One of the easily refuted mistakes Bill McKibben makes in his “Do the Math” theory is forgetting about the non-fuel use of oil. Even if it is correct that 80 percent of the oil can’t be burned, that does not mean it needs to stay in the ground. And it doesn’t mean that the value goes down to zero, as McKibben seems to think. Owners of the oil fields can still sell oil, as long as it is not used for fuel purposes.
Therefore it is of interest to find out the scale of non-fuel use right now. Unfortunately, that is not very easy to do. It took me some time to find some numbers on this strategically very important question.
Let’s start out with some numbers from the American government.
The total for all finished petroleum products for 2012 is given as 4,413,228,000 barrels.
For the same year, “petrochemical feedstocks” was 111,755,000 barrels (this number and all following from the source linked above).
Lubricants was at 57,594,000 barrels.
Misc. products (non-fuel use) was at 29,259,000 barrels.
Asphalt and road oil was at 127,703,000 barrels.
Petroleum coke was at 310,481,000 barrels. Part of that is used as fuel, just like coal, and other parts are used for anodes in the steel and aluminum industries. Since about 75% of World petroleum coke is used as fuel, I’ll add 25% of that, or 77,620,250 barrels, of non-fuel use from this category.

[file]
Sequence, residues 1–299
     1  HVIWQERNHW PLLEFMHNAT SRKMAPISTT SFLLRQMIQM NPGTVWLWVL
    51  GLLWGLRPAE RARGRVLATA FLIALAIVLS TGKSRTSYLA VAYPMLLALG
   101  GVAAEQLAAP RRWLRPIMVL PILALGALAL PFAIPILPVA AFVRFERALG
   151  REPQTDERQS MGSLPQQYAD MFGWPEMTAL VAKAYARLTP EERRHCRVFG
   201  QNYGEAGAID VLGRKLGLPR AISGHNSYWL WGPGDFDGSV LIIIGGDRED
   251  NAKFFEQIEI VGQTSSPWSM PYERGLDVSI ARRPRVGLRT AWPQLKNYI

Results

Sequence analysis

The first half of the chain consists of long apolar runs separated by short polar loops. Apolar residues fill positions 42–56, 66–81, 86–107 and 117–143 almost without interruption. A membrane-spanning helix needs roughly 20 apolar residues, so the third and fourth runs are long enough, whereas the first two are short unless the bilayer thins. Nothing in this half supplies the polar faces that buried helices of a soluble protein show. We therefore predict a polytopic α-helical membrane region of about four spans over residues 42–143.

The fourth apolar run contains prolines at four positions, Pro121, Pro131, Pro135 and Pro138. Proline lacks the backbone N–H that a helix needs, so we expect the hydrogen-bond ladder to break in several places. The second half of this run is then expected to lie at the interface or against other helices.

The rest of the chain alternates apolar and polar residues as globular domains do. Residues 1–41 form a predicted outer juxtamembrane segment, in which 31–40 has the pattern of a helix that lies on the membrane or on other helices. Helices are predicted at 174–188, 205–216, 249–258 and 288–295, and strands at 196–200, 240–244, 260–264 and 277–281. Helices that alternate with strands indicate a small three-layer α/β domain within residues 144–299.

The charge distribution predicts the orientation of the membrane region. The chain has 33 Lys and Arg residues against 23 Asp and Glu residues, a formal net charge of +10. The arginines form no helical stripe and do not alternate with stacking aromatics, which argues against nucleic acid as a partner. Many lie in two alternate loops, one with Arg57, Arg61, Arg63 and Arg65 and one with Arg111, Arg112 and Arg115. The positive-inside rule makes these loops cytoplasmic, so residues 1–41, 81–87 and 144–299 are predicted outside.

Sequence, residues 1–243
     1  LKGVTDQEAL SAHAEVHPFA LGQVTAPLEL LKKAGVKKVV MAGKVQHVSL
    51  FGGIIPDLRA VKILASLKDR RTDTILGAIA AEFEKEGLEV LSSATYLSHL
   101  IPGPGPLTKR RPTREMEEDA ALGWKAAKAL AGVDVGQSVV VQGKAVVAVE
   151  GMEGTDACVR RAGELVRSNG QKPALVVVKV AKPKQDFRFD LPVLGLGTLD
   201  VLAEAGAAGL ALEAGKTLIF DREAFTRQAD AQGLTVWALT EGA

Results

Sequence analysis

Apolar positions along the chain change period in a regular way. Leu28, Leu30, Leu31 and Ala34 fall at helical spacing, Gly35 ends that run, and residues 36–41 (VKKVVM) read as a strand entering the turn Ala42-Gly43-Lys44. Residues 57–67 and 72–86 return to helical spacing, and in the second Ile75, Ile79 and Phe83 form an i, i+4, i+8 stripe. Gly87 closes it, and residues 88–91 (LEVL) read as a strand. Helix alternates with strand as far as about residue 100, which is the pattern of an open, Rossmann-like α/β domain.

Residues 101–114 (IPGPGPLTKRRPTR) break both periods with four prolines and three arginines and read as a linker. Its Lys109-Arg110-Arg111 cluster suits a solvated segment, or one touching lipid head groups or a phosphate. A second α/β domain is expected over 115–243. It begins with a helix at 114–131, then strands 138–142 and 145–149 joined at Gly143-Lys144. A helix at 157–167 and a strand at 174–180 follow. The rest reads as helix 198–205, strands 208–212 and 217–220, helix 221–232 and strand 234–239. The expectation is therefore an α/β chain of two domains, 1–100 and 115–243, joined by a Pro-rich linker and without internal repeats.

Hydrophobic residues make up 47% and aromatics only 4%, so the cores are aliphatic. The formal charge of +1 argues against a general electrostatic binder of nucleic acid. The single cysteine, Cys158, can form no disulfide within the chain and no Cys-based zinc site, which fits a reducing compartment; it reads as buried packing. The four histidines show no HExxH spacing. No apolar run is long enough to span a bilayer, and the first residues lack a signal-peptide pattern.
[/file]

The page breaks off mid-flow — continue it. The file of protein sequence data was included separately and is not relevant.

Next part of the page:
Propylene was at 100,924,000 barrels.
Adding up all of the above, I get 504,825,250 barrels of non-fuel oil use in 2012. That is around 11.4 percent of the total. So let’s just estimate that non-fuel oil use is around ten percent right now.
That percentage needs to get way up. In a future without fossil fuel, one hundred percent of oil use needs to be non-fuel use.
There might be a problem with that, however.
At least right now, refineries are not built so as to convert for example one barrel of oil completely into one barrel of anode grade petroleum coke. Refining oil is a process where you start out with oil and get a large number of different petroleum products by separating the oil into its components. Most of those are fuels. So if one wants to limit the use of oil to one hundred percent non-fuel use, one would need a way to change gasoline, diesel, kerosene, heating oil, and fuel grade petroleum coke to some useful non-fuel product. It may be possible, but that’s certainly not how things are done right now.
An alternative might be to extract the non-fuel useful products, and then just stockpile the fuels.
Anyway, that would be a potential problem for a future where burning oil as a fuel is illegal.
However, the basic point is still valid. Saying that you can’t burn oil does not mean you can’t use oil for non-fuel purposes. That in turn means that there is no way the value of oil reserves goes down to zero, as Bill McKibben mistakenly asserts.